Late in 2008, Adam D. Morris emailed me to discuss his Voynich theory: that the VMs might have some connection with Hieronymus Reusner. Finally, I’ve got round to posting about it (sorry for the delay, Adam!)…

Adam’s jumping-off point was the visual similarities between the VMs and Reusner’s 1582 book “Pandora” (a version of the ‘Buch der heiligen Dreifaltigkeit’, Book of the Holy Trinity) – colouring, faces, line-structure, etc. And so he wondered: might Hieronymus Reusner be (or be connected with) the author of the VMs? Or if not him, might it be connected to other Germans connected with him, such as Ulmannus or Franciscus Epimetheus? Additionally, manuscript copies of the “Buch der heiligen Dreifaltigkeit” go back to 1415, so at what point did the drawings we see in Reusner’s Pandora take that general form?

Adam was also intrigued by Bachmann and Hofmeier’s (1999) “Gehemimnisse der Alchemie“, particularly the drawings of people and objects on pp.103-123 which he thought were reminiscent of the VMs.

Alchemy expert Adam McLean has also studied Reusner’s Pandora, and concludes that it is the coloured drawings in The University of Basel, MS L IV 1, UB (entitled ‘Alchemistisches Manuscript’) that were very probably “the original for the woodcuts in Reusner’s ‘Pandora’, rather than their being directly derived from an early manuscript of the ‘Buch der heiligen Dreifaltigkeit’.

I dug up a couple of images from MS L IV 1, UB on the web: Figure 1 on this page, and Figure 1 on this page. The accompanying text dates the manuscript to 1550, which is a little late for the VMs, but (as I’m constantly reminded by others) not one the current fairly scratchy dating evidence definitively rules out. And, as always, the Basel Alchemistisches Manuscript might well have been copied from a yet earlier source – so there may well be a significant (probably German-language) literature on this manuscript which explores its visual roots. Let me know if you happen to find any of this!

As with a lot of VMs research ideas, what we have here is something and nothing all at the same time. Is a slim visual resemblance a convincing enough reason to spend a significant amount of time attempting to build a case for an historical connection? And (for example) might similarities in paint colour merely suggest that the VMs was repainted in Germany in the middle of the 16th century, rather than anything to do with its actual origin?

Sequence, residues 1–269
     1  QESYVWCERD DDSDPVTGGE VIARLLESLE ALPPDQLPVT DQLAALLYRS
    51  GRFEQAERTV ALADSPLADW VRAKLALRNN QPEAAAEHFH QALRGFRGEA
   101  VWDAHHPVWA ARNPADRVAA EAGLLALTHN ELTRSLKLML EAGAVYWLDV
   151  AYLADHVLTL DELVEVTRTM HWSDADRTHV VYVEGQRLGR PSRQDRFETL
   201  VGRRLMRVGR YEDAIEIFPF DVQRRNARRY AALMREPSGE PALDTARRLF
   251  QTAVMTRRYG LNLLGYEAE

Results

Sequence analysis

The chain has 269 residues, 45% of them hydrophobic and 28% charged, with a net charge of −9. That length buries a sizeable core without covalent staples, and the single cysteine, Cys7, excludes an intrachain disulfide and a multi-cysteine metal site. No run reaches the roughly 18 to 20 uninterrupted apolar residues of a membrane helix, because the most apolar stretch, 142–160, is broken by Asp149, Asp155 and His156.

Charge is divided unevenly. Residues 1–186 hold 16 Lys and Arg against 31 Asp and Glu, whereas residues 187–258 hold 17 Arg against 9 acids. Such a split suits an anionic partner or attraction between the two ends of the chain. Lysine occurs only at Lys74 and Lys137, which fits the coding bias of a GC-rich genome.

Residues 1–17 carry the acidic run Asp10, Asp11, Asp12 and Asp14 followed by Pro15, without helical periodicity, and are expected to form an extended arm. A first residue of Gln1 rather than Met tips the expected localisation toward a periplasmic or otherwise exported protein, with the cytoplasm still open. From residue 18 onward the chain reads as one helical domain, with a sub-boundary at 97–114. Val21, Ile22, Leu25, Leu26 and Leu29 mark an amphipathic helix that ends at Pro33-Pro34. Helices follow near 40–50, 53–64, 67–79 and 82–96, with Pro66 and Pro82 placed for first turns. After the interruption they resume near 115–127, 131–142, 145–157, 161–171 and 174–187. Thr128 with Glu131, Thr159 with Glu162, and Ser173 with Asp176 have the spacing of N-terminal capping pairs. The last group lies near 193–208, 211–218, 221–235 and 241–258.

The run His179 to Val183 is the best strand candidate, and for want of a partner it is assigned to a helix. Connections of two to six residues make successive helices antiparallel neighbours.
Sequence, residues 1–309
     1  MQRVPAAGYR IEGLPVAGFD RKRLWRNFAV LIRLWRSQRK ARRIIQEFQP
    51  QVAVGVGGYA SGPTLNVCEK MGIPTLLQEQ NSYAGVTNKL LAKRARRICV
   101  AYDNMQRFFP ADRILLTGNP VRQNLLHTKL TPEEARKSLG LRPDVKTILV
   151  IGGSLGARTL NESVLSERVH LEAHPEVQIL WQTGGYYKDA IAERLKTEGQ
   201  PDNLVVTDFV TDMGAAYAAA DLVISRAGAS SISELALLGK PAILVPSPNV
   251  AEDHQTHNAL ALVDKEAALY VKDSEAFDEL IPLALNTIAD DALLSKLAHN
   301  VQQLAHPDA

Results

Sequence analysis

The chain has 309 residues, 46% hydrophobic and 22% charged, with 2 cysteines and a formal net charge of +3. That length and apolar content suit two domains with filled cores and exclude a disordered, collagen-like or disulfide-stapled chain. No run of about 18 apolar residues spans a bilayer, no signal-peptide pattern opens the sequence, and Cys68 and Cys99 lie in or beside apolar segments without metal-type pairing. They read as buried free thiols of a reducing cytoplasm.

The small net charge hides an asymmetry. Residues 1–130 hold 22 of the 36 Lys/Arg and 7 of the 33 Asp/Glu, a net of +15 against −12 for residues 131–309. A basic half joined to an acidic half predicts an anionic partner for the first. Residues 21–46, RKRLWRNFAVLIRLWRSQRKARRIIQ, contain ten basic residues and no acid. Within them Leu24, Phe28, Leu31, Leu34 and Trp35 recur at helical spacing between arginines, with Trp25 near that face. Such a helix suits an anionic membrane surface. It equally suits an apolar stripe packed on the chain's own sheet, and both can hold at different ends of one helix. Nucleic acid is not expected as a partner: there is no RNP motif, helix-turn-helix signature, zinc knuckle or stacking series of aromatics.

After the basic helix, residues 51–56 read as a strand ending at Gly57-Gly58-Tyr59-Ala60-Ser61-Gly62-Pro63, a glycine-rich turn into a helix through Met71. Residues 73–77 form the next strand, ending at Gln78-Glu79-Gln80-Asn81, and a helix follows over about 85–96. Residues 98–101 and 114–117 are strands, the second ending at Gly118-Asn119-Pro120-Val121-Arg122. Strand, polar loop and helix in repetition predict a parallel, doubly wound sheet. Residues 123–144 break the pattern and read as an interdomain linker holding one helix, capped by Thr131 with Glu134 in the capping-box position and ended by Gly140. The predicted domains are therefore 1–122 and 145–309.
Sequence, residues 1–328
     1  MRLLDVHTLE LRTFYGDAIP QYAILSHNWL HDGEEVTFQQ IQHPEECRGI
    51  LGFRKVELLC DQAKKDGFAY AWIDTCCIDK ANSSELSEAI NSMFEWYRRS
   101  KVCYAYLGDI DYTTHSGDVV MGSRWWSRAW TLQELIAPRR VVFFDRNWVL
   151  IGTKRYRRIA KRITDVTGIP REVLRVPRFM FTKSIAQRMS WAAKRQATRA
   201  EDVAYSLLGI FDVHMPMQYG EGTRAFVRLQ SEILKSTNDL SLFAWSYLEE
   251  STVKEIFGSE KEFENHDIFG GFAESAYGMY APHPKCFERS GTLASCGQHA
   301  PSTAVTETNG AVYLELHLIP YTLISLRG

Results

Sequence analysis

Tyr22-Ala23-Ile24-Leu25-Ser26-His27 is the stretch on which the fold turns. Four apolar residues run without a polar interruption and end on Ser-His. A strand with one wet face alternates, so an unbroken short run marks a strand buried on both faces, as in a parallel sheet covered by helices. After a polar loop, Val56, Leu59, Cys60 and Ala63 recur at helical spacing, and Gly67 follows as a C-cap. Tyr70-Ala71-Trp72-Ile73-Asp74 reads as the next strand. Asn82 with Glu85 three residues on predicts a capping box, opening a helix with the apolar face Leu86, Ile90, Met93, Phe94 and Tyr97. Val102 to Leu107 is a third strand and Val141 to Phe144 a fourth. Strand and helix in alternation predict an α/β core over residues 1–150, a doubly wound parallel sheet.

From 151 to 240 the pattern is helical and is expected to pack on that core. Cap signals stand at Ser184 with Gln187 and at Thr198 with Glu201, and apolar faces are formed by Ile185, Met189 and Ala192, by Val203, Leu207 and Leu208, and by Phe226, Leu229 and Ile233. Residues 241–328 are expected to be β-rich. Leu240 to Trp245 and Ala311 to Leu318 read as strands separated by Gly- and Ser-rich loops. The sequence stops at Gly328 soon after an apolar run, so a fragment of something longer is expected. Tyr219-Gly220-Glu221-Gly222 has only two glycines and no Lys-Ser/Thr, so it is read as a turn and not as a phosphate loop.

Perhaps the bigger problem with this lies with trying to shoehorn the VMs into some kind of alchemical tradition (at whatever date) is that nobody has yet presented any evidence that suggests any sustainable parallel (however fleeting) between the VMs’ drawings and any known set of alchemical drawings.

In the past, Voynich theorists have all too often used “alchemy”, “heresy”, “magic”, “necromancy” and indeed “conspiracy” as catch-all that’s-why-it-must-be-secret buzzwords: but the good news is that people are now starting to see that “why is it secret?” is the wrong kind of question (as per point 5 on the DIY Voynich theory list) to be starting from. Given that the forensics mantra is “forget about the whys, focus on the whats”, I believe that an essentially forensic approach is our only real hope of making progress.

And so I applaud Adam Morris for trying to follow the drawings (for art history surely aspires to be a forensic study of stylistics?), as this is arguably the most sensible route to take: but as he has found, it is a far harder path to follow than it at first seems. Good luck!

11 thoughts on “Hieronymus Reusner & the Voynich Manuscript…

  1. rene zandbergen on June 17, 2009 at 9:17 am said:

    I remember being fascinated by the ‘Buch der heiligen Dreifaltigkeit’. I once got a
    (very bad) photocopy of one plant drawing in the version referred to as the ‘London
    sketch book’, which had a striking resemblance to one of the herbal illustrations in the
    Voynich MS. There is very little about this particular MS on the web…

  2. infinitii on June 17, 2009 at 1:06 pm said: